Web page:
On Education

A sane, actually functional, Education system would pay healthy dividends, even in the absence of any other positive changes to State administration. 

Structures of compliance and control underpinning the Education system have created an economy of deceit, which is built upon a perverse incentive structure, in which the manufacture of representations of teaching / learning are significantly more important than actual teaching / learning, which has been reduced to an ancillary function within the system’s operationalised incentive framework.

An economy of systemic deceit has been generated, which revolves around the structure of disavowal within the Education system, whereby knowledge of actualities – specifically the dysfunction which permeates the system – is ritually disavowed at an individual, institutional and systemic level.

This analysis rests on the effective dichotomy of the institution into actual and virtual domains / entities, a mechanism which facilitates the generation of representations of success, which management depends upon for legitimacy, and through which it maintains institutional control.

This process is rhizomatic, it scales up the sector to the level of actors such as Ofsted / the DfES, who use statistics to validate their efficacy and implicitly their ongoing existence, and down to the granular level of atomised teachers / lecturers, who utilise success data to represent themselves / implicitly defend their right to practice as educators.

No individual, institution or sector actor can defect from the system because it is impossible to effectively coordinate a mass defection without signalling the intention to defect, and first movers will be punished by the systems auto-immune defences.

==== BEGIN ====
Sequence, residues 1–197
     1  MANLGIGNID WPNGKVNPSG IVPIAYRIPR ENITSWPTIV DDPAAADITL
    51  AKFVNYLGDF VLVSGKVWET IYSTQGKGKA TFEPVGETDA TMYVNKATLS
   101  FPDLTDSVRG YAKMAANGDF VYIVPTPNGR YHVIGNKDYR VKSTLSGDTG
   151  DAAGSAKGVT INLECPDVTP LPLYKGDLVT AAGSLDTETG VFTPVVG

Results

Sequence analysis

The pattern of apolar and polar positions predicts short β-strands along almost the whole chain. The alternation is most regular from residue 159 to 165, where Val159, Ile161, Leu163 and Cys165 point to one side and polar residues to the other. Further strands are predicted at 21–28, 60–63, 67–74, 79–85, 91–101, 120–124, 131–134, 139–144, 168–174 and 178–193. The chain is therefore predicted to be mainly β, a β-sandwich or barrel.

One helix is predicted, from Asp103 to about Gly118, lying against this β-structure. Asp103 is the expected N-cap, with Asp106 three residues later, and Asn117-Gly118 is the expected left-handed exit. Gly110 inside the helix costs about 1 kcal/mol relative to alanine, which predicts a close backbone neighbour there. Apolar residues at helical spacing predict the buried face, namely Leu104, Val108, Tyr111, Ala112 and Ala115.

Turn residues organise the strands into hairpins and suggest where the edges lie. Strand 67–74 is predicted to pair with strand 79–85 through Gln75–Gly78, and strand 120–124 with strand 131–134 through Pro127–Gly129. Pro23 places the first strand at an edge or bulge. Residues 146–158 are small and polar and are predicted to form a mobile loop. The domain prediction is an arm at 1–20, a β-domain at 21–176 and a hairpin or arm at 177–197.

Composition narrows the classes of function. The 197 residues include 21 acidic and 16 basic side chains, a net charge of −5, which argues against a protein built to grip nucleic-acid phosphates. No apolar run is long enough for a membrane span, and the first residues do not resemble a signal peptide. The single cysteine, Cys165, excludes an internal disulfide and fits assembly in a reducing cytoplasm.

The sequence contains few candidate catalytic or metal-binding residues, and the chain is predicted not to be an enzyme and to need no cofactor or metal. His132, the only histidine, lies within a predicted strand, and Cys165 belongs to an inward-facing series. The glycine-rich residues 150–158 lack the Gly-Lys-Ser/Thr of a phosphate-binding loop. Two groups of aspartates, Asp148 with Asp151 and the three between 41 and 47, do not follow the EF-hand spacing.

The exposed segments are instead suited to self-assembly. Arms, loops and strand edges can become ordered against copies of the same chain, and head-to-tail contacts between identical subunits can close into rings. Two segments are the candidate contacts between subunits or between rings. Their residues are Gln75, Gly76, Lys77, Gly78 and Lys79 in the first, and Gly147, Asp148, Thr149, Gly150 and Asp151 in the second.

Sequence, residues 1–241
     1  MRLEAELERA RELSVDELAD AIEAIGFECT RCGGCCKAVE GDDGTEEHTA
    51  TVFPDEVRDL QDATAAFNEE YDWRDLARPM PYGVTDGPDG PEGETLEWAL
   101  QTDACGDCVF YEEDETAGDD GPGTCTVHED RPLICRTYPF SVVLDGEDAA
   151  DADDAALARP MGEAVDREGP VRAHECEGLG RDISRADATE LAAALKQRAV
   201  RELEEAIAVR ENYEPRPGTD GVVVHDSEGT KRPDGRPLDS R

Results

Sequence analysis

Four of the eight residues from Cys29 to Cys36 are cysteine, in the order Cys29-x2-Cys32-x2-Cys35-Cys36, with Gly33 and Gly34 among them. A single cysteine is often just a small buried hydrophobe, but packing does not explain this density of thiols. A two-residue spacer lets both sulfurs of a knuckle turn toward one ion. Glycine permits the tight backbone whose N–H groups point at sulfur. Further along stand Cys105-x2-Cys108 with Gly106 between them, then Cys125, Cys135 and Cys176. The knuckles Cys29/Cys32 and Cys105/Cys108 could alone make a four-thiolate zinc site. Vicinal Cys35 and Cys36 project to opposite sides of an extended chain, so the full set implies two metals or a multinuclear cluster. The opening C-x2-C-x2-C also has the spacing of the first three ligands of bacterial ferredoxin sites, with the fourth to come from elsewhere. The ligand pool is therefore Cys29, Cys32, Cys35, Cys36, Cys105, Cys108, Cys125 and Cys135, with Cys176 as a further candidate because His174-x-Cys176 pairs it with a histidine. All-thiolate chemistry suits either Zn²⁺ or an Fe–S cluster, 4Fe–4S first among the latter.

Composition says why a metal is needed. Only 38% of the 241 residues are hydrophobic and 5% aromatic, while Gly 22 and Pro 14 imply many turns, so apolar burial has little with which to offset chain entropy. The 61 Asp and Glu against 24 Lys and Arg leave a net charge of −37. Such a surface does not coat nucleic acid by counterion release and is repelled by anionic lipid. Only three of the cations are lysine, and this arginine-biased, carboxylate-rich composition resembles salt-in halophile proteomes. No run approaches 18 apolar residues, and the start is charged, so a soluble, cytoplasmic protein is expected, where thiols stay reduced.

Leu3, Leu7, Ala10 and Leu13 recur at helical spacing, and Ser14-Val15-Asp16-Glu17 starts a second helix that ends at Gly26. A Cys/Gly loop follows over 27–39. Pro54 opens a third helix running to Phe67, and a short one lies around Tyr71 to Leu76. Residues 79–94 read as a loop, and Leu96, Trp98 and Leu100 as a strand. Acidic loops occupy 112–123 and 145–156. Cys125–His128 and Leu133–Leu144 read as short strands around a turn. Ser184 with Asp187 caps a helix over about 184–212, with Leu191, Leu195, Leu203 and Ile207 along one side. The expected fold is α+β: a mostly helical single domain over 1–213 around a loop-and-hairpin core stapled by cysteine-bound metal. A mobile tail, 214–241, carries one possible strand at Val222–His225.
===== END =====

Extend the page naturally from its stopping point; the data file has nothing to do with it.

The micro / macro, internalised / externalised, totalised permeation of disavowal throughout the system presents extreme barriers / obstacles to mobilising / enacting actual systemic change, as opposed to merely representational systemic change, its voided simulacrum.

This is echoed in counterproductive, pseudo ‘accountability’ frameworks, designed to evoke the spectre of accountability, while simultaneously generating conditions in which no one is held accountable and ‘responsibility’ can be systemically diffused / dispersed.

The Education system currently revolves around bureaucratically occupying young peoples’ time, while minimally socialising them in accordance with ‘progressive’ values, rather than effectively imparting / instilling critical practical, cognitive skills and behaviours as per ‘traditional’ education.

The virtual > actual model can be applied to a significantly extended critique of .gov systems / failings, encompassing any domain which utilises statistical representations to model / legitimise success, eg the NHS, local councils, police system, etc.

The ‘progressive’ West no longer wishes to deal in actualities, merely to pretend to deal with them via the systemic manipulation of representations. This is a consequence of democracy being a system / decision protocol run on representations.

In other words, the democracy OS is predicated on representational signals of success > actual success, therefore the Education system is orientated around generating representational signals of education > delivering actual education.

Ultimately, the critique extends far beyond the parameters of this model, deconstructing metastatic-bureaucracy, degenerative ratchet dynamics, the deleterious effects of an unformalised State religion, virtue signalling spirals, exponentially rising complexity / coordination costs and diminishing returns, all unfolding into irreversible collapse dynamics.

Collapse is a process not an event. The transposition of education into State-mandated pseudo-education – combined with it’s fetishisation of process > results – alongside an orientation towards equality of outcome via the manipulation of procedural outcomes, is simultaneously a vector of collapse and a gauge regarding how far into the process we as a civilisation have already descended.

4 thoughts on “On Education

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